SORATO, the lunar rover built by Japan's Team HAKUTO for the Google Lunar XPRIZE challenge, has a new home at the Smithsonian's National Air and Space Museum in Washington DC.
The tested and flight-ready rover was donated to the museum by Tokyo-based aerospace start-up ispace inc, who, along with members of Tohoku University and experts contributing pro bono, was the main driver of Team HAKUTO.
The rover is expected to feature in the museum's "Future of Spaceflight" exhibition, scheduled to open in 2024. "This rover represents the role of private prizes in stimulating entrepreneurship in the aerospace industry," said Matthew Shindell, space history curator at the museum. "It will tell an important piece of the story of modern spaceflight and exploration in the future gallery."
"I hope SORATO will be seen as a symbol of the dawn of private space exploration for future generations who visit the museum," said Takeshi Hakamada, founder and CEO of ispace, and team leader for Team HAKUTO.
SORATO is based on more than a decade of R&D work by Professor Kazuya Yoshida's Space Robotics laboratory at Tohoku University's Department of Aerospace Engineering. Many students - including ispace's VP of Future Rover Technologies John Walker - had contributed to its development over the years.
"I really feel that the rover was born in that lab," said Walker, who was an intern at Tohoku University from 2010 - 2011, and worked with Yoshida as a research and PhD student from 2012 -2016. "Professor Yoshida supported our field tests many times, and his experience is really what gave ispace the capability to develop lunar rovers."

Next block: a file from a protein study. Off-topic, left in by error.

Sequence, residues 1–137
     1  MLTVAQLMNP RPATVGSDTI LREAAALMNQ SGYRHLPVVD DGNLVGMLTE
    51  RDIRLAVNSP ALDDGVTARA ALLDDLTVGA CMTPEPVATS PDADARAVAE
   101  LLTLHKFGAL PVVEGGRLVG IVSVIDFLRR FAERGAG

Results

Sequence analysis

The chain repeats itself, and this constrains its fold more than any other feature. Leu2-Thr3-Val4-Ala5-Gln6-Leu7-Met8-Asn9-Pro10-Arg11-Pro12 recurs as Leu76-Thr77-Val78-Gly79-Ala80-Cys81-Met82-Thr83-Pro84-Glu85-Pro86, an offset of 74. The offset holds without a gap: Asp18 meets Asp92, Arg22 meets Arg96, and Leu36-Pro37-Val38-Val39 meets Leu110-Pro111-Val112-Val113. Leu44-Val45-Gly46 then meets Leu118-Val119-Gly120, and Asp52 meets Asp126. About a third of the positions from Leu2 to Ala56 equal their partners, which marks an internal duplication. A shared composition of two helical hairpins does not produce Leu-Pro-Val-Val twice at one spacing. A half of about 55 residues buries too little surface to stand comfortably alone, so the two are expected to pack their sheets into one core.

SORATO's design features the miniaturization of complex machines and the tight integration of electronics. It is made of resilient, lightweight Carbon Fiber Reinforced Plastic (CFRP) materials, with thermal insulated wheels that can traverse difficult terrain even in extreme temperatures. It is also fitted with 360-degree high-definition video and photo capabilities, solar panels to maximize power generation and the capacity to carry customer payloads to the lunar surface.
Even with all that technology on its back, SORATO weighs in at a very compact 4 kilograms, making it the smallest and lightest space-qualified rover in the world.
Team HAKUTO's spirited quest to send SORATO to the moon, travel 500 meters and transmit high definition images back to earth earned it many fans and a strong support base of partners, investors and volunteers. Although the team made steady progress through the decade of competition, it did not have a landing vehicle and had to make a deal to hitch a ride with fellow competitor TeamIndus on board India's Polar Satellite Launch Vehicle rocket. When TeamIndus withdrew from the competition, SORATO was stranded on Earth.
The lunar challenge eventually ended in 2018 without a winner, but Team HAKUTO received an XPRIZE Milestone Prize worth half a million US dollars in 2015 for SORATO's mobility technology. Encouraged by that success, and motivated by how close they came to completing the challenge, Tohoku University and ispace now see the project as a platform for their bigger lunar ambitions.
They are also determined to be in control of their own fate, with ispace recently announcing that it had raised record funding to build a lunar lander. If all goes well, it hopes to launch its first moon mission in 2021 and deploy a rover on the lunar surface by 2023, maybe proving that a destination can be just as interesting as the journey.
As for the little rover that started it all, millions will soon be able to learn its story. "Having SORATO in the Smithsonian Air and Space museum is a really amazing feeling," said Walker. "The fact that I will be able to visit it in the future and know that it will help inspire future students and engineers to explore space, is a great privilege."
Professor Kazuya Yoshida
Department of Aerospace Engineering
Tohoku University Graduate School of Engineering
Ispace Communications Manager